Up until a few years ago, MKVCage was a popular torrent portal that also uploaded its torrents on other sites.
This ended abruptly when the makers of the superhero film “Hellboy” took the site’s operator to court the summer of 2019.
Movie company “HB Productions” accused the site and its Pakistani operator Muhammad Faizan of promoting and distributing pirated copies of the movie, hoping that this would put an end to the activity. And indeed it did.
The lawsuit had an almost immediate effect as the torrent site became unreachable soon after the case went public. At the same time, MKVCage stopped pushing torrents to other sites as well. This meant that part of the plan had succeeded but HB Productions also wanted financial compensation.
Damages and Jurisdiction Battle
Since Faizan didn’t show up in court, the movie company’s attorney Kerry Culpepper requested a default judgment. Initially, the filmmakers asked for $270,000 in copyright infringement damages. This figure was based on the number of alleged infringements multiplied by the Blu-ray retail price.
Despite this change, Judge Mansfield still wasn’t satisfied. He questioned whether the defendant, who didn’t put up a defense, could actually be sued in America. In 2020, the default judgment was denied based on the argument that a US court doesn’t have jurisdiction over the Pakistani defendant.
The filmmakers were not happy with this outcome and filed an amended complaint, hoping to fix the shortcomings in their allegations. Initially, this renewed effort appeared to fail as Judge Mansfield still found the provided evidence insufficient. Last month, however, US District Court Judge John Michael Seabright reached a different conclusion.
According to the court, the Internet has transformed how foreign defendants interact with the United States. In this case, the defendant used US-based servers from a remote location, which is sufficient to invoke liability.
Judge Recommends $150,000 Damages
With this ruling in hand, the case was sent back to the Magistrate Judge who now recommends granting the $150,000 default judgment because all factors weigh in favor of the filmmakers. This includes the alleged damages, which are substantial.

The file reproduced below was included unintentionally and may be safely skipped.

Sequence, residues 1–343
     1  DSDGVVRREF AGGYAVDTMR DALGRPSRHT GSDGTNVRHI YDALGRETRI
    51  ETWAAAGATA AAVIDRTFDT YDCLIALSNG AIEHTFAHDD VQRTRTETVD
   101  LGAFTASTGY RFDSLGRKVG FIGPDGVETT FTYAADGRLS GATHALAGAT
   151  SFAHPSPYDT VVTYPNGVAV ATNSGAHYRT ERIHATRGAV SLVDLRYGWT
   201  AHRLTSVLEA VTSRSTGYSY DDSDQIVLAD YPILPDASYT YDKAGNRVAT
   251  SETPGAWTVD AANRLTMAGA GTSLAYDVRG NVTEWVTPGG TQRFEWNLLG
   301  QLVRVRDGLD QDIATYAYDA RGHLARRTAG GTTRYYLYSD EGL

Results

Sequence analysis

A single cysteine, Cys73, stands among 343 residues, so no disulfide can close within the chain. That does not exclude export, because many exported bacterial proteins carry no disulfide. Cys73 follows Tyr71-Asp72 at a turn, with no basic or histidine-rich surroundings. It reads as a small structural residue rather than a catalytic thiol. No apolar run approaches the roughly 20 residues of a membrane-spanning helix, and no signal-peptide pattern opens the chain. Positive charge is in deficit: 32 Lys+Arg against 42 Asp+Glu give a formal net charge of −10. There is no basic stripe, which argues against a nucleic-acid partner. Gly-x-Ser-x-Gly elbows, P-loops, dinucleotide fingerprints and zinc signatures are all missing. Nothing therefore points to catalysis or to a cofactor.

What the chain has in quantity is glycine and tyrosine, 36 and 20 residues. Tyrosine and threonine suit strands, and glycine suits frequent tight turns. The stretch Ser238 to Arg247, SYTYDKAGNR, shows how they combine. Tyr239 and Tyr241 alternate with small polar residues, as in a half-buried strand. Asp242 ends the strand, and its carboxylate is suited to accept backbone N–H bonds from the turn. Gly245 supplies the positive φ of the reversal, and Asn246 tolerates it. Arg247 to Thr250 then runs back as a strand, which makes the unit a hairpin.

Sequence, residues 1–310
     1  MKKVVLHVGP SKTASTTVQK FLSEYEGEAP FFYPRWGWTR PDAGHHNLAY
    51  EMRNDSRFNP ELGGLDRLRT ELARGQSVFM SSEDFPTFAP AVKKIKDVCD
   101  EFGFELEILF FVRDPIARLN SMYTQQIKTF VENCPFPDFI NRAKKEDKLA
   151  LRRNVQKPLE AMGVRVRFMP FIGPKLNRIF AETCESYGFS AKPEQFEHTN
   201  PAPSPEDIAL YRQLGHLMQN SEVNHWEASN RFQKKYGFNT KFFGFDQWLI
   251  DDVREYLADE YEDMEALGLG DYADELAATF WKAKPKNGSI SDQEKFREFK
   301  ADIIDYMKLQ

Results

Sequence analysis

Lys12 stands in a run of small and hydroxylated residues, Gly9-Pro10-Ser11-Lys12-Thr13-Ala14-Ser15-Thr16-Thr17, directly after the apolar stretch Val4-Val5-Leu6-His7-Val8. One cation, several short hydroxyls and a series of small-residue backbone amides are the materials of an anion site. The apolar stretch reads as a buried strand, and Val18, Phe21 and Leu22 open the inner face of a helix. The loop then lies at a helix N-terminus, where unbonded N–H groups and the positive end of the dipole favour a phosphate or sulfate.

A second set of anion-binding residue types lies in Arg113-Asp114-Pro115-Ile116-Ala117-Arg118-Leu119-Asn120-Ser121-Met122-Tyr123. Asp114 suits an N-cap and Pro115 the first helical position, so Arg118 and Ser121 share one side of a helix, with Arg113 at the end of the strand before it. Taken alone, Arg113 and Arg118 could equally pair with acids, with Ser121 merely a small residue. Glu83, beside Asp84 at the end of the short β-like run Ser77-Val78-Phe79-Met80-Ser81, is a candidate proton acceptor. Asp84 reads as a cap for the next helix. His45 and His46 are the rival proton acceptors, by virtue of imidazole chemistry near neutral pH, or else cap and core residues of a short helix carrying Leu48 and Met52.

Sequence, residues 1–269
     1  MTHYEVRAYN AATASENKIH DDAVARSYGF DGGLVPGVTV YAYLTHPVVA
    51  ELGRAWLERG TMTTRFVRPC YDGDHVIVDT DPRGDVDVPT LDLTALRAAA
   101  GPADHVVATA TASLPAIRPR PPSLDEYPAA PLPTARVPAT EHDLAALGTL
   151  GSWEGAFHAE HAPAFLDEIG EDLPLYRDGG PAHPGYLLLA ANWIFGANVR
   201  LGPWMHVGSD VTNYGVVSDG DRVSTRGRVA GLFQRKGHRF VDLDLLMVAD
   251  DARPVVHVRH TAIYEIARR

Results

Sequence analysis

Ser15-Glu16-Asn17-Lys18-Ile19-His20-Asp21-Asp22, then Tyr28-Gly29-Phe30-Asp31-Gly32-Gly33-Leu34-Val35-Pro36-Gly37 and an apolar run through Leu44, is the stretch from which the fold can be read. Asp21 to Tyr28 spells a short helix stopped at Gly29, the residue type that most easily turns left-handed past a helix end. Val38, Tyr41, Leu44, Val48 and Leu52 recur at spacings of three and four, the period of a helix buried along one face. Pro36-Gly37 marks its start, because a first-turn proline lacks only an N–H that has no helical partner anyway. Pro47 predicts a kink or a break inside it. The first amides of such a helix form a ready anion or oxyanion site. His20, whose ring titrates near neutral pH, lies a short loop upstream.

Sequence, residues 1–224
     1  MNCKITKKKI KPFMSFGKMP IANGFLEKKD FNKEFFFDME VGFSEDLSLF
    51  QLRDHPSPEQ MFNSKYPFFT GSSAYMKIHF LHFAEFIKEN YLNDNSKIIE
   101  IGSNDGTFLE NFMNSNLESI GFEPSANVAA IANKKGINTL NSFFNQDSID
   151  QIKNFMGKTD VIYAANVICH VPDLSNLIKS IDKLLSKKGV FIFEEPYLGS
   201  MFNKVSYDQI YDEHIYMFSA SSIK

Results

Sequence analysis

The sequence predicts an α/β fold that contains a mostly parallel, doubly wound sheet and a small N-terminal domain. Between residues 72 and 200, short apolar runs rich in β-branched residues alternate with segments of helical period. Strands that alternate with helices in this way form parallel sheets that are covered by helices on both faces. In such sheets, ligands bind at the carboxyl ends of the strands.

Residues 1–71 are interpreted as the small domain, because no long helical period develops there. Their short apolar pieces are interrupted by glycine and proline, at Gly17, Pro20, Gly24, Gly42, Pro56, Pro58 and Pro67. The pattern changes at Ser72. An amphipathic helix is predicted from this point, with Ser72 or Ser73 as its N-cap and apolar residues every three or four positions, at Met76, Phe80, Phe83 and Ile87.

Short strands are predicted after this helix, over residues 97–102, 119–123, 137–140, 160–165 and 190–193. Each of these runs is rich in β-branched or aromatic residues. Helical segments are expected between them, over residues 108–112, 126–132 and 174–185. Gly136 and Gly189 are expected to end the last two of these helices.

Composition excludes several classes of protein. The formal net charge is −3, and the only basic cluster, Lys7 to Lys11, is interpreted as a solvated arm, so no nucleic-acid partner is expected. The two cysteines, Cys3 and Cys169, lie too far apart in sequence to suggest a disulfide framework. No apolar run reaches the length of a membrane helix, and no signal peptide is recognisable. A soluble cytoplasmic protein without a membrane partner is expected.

“The Court finds that the amount of money at stake is significant relative to the cost of continued litigation, especially considering Defendant’s location outside of the United States and Plaintiff’s alleged actual damages totaling $270,902.58.
“The statutory damages Plaintiff seeks are appropriate and reflect the severity of Defendant’s willful infringement of Plaintiff’s copyrighted Work,” Judge Mansfield adds.
This means that a default judgment against the MKVCage operator is warranted but a separate evaluation of the scale of the damages is still required.
Here, Judge Mansfield also agrees that the maximum statutory damages award is appropriate. These damages are meant to compensate the filmmakers, but also to punish the defendant.
Willful Copyright Infringement
The Judge agrees that the infringements were willful. Among other things, the site operator initially relocated the site to a new domain when the lawsuit was filed.
“When Defendant received notification of this lawsuit, Defendant created a new website, ‘mkvcage.nl,’ hosted by a completely different servicer […] so that Defendant could continue his infringing activities.”
All in all, this means that awarding $150,000 in statutory damages is appropriate.
“The Court finds that awarding maximum statutory damages under the Copyright Act is appropriate to deter and punish Defendant’s conduct and to compensate Plaintiff,” Judge Manfield adds.
There’s also a small disappointment in the recommendations as not all of the requested costs and fees were granted. Nevertheless, the proposed $150,000 damages award is still a big win.
This means that, after repeated back-and-forths, the film company can get most of what it asked for. The court still has to adopt the recommendations from the Magistrate Judge, but the biggest hurdles have been taken.
A copy of the full findings and recommendations, issued by Magistrate Judge Manfield, is available here (pdf)